Let's Make Robots!

Jinnarin's third robot (YDM clone). (Updated: 9-1-11)

Hi all. I have been away for some time (health reasons), but I am finally back and starting on my third robot. You can see my first robot here and here, I never made a page for my second robot, as it was just a remake of the start here robot (maybe it will make a special appearance).

Anyways, I am making a Yellow Drum Machine clone, it is the reason I made my first and second robot. I have had the parts for it for over a year, I just was never able to start working on it and almost gave up that it would ever be made. It seems like everything is coming together at just the right time though, I noticed yesterday that instructions to make a YDM were posted on makeprojects.com last month, those will come in handy, Thanks Fritsl!

I will be using this blog to document my build process and will transition to a robot page once I feel I can actually call it a robot.

I started working on the head today, I will post pics as soon as my camera charges.

Pictures of the head (SRF05) mounted to a GM10 motor and pressure mounted into a Lynxmotion Ant-style electronics carrier (used as chassis).

I started with the head first because I will have limited room for everything to fit inside and the head needs to be in the right place. I was able to stack a standard servo horn on top of the GM10 motor horn and secure it using a bigger screw. At first it wasn't very secure, but I added a small washer between the horns and that tightened it up. It appears to be really strong now.

Tomorrow I will work on mounting the motors and tracks, I have to figure out how to make a bracket for the front axle.




Today I started mounting the drive motors.

I had to make a board to mount the motors onto because the Ant-style chassis I am using has cut-outs right where the motor brackets sets (As seen below).

The board I am using to mount the motors is just some thin plastic material that you can get here. It's really easy to cut and work with (it's actually what I used to make my second robot).

Here are the motors test fitted into the chassis,

And with the tracks set on it,

(It's starting to look like a robot!)

That's all for right now. I have to go figure out how to make a bracket to mount the front wheel for the tracks. :)


Well, I started making the front axle. I'm using a small brass tube I had lying around. I went to my local hardware store and picked upped some brass nuts for the ends. Unfortunately, I couldn't thread the brass tube (I tried), so I went ahead and soldered the end nut to one end of the tube, using a torch to heat it up and solder. It worked really well, and it looks nice!

The front axle is complete.

Front axle

My goal for today is complete! I have the drive motors, front axle, and tracks mounted. I did a small test and ran each motor, the tracks move smoothly, I was afraid they wouldn't. Overall, I am happy with today's work!

If I have time tomorrow, I plan on working on the second stack (chassis above the motors) where the electronics will be mounted.


Hooray for design flaws (or lack of a design lol)! Looking at my robot I have noticed a potential problem. My tracks are too far apart, making my robot wide (fat) like my first robot is. On my first robot that created a lot of problems. I think I may have to redesign the tracks position and make the motors closer together. Thankfully, because of the way I am building my robot it shouldn't be too much of a problem. I am using stacked units to build up the robot, so fixing one stack does not require fixing all the stacks.

Unfortunately, I will not have time to work on it today.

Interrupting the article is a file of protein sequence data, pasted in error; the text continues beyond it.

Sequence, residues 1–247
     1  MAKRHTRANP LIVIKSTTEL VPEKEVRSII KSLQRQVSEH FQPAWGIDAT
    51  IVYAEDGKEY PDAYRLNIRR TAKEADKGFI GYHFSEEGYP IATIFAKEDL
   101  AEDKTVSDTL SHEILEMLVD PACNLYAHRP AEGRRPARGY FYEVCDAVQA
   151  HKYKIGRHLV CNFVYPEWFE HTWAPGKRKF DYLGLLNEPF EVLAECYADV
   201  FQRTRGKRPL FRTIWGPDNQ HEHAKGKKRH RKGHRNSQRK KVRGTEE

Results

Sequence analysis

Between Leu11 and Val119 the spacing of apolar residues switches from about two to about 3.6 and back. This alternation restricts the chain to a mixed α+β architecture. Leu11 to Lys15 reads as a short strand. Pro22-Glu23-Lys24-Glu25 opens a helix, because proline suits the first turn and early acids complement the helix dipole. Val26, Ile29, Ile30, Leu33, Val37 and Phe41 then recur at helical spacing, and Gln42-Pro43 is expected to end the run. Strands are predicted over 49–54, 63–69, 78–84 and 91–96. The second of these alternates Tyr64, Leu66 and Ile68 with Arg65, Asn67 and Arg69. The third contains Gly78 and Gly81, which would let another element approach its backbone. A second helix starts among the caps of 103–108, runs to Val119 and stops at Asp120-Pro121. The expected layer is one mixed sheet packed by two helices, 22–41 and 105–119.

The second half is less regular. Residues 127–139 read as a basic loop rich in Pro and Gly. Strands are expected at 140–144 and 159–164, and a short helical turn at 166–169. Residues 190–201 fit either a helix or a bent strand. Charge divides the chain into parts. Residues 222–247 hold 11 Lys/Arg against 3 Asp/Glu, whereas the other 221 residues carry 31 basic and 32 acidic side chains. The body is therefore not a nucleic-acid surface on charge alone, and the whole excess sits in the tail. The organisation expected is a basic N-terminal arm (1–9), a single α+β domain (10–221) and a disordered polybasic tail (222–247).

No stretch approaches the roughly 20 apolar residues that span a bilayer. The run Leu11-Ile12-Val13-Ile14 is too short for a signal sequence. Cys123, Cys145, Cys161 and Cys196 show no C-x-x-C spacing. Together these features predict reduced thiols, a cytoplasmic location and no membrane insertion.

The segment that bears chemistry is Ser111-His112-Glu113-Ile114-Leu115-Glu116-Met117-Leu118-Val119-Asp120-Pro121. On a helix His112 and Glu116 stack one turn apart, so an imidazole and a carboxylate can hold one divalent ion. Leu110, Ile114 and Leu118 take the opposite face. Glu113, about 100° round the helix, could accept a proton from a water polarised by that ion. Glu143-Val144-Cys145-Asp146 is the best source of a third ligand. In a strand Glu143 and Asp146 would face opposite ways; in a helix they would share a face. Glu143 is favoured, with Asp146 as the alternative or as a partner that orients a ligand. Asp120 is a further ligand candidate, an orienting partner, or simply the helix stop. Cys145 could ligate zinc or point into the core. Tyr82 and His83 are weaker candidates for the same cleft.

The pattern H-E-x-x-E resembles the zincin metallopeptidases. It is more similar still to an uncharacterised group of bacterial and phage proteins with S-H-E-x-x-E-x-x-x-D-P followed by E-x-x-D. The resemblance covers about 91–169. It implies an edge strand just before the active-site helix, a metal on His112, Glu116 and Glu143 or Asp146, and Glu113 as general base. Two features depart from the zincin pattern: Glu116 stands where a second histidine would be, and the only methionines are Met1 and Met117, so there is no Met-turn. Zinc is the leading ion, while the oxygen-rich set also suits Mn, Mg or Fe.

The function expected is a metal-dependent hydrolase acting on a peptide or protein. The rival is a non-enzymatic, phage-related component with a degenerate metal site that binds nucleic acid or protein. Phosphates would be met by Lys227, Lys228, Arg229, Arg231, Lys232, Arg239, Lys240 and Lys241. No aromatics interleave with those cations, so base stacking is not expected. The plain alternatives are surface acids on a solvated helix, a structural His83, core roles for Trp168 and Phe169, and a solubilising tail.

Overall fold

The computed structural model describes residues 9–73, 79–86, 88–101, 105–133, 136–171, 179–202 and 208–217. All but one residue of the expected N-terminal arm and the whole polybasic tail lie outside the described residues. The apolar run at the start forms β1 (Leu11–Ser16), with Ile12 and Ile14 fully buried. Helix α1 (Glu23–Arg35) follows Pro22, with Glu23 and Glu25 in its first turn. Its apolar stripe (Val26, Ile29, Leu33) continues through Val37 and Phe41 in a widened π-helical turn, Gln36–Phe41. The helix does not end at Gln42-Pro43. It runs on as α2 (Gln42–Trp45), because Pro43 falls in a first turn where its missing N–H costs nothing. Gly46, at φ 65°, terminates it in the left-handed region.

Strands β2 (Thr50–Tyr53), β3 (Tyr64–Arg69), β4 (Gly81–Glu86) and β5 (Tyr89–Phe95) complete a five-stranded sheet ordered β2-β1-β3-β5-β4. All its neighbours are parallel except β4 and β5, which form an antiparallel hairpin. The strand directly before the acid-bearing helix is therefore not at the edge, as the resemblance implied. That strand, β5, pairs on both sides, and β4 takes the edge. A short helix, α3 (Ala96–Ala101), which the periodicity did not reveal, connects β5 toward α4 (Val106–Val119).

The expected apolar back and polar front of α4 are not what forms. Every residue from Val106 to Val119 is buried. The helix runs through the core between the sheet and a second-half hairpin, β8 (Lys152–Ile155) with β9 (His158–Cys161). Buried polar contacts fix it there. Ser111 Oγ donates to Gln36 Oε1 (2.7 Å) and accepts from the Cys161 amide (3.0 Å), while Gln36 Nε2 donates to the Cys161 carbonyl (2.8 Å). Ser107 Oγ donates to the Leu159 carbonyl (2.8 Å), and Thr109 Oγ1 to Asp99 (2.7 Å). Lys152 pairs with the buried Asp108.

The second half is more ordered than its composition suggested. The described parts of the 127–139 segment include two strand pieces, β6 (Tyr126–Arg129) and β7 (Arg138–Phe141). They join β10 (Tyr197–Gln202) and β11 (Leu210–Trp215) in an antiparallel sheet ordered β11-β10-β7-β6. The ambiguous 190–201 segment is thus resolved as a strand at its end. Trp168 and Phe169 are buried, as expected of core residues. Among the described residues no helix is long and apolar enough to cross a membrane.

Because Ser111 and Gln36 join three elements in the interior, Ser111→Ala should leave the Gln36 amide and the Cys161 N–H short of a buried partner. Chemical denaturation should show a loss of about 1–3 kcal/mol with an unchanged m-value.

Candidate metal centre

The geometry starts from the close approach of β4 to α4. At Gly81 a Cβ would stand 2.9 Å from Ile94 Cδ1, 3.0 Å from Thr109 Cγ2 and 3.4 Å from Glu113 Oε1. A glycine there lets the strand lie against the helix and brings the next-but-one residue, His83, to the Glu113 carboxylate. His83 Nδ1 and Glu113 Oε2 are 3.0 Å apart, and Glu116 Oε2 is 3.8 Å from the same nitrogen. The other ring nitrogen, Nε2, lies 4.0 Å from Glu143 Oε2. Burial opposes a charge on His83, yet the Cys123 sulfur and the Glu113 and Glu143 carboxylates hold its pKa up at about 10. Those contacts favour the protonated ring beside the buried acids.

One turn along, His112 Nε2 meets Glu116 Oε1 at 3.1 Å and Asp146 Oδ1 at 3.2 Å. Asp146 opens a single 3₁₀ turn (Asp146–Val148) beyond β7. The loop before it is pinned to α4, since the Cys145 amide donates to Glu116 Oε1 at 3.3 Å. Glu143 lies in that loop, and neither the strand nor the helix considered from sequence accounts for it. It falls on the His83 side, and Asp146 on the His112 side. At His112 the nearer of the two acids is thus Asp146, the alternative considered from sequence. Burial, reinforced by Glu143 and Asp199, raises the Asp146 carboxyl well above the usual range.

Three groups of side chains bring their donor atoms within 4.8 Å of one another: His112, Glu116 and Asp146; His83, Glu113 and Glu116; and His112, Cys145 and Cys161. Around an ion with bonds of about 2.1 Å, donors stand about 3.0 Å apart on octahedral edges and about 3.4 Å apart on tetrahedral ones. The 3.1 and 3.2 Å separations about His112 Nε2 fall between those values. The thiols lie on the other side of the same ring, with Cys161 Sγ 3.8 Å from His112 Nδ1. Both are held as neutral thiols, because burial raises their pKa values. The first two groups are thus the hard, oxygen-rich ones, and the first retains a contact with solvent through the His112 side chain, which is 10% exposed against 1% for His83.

Today I rebuit the base for my robot, to make the tracks closer together (make the robot less wide). I used a square aluminium tube as a main support to mount the motors and front axle to. I have never used aluminium before, I wished I had discovered it sooner. It is very easy to work with. Overall, I think the this base is a lot stronger, and it looks a lot better. Here is a pic.

new base

It looks a lot different and is about one and a half inches less wide.

Tomorrow, I hope to get back on track and start mounting the electronics. Hopefully there won't be too many problems.



I finally got the PICAXE in it's mounted postion and started soldering headers on.




Well, I've been working on my robot some more finally (I have too many projects going at once), here is how it looks now.

I have a lot of wires to still hook up. I also found out one of my GM10 motors is defective, it just spins like one of the gears is stripped but they are all fine. I though maybe the gear on the motor pinion wasn't tight enough so I glued it on, but that didn't work either. So I guess I have to get another one.

Tomorrow I hope to get everything wired (minus one GM10) and install the sound board.



I finally received my new GM10 motor today, so I can start working on my robot again.

I still have to mount the rear drum stick motor, make and mount all the drum sticks and mount the soundboard.

I still haven't decided what the drum sticks are going to be made out of, but I have a few various materials I will be trying out.

Also, because my house is fully carpeted, my rear drum stick will not be able to "play" on the floor like the YDM, so I have a different idea for that one, hopefully I can get it to work. 

(And now I can't find my programming cable to start testing connections, grrr.) 


I found my programming cable and started testing individual components. Everything is working except for my small speaker, it won't beep. Why is it always the simple things that go horribly wrong! I'm not sure whats wrong with it, I mean it's a speaker, how hard is that.



He finally has drumsticks!!!!

The white/black drumstick is made out of a piece of lightweight metal and the yellow/black drumstick is made out of a plastic mechanical pencil that was broke.

I have successfully tested both and they work perfectly!

Also, the small speaker is working now, it was off by one pin lol. Actually, everything is working now, except for the rear drumstick, I haven't even started on that :)

This robot is taking a lot longer to build then I thought it was going to, but I am having a lot of fun!!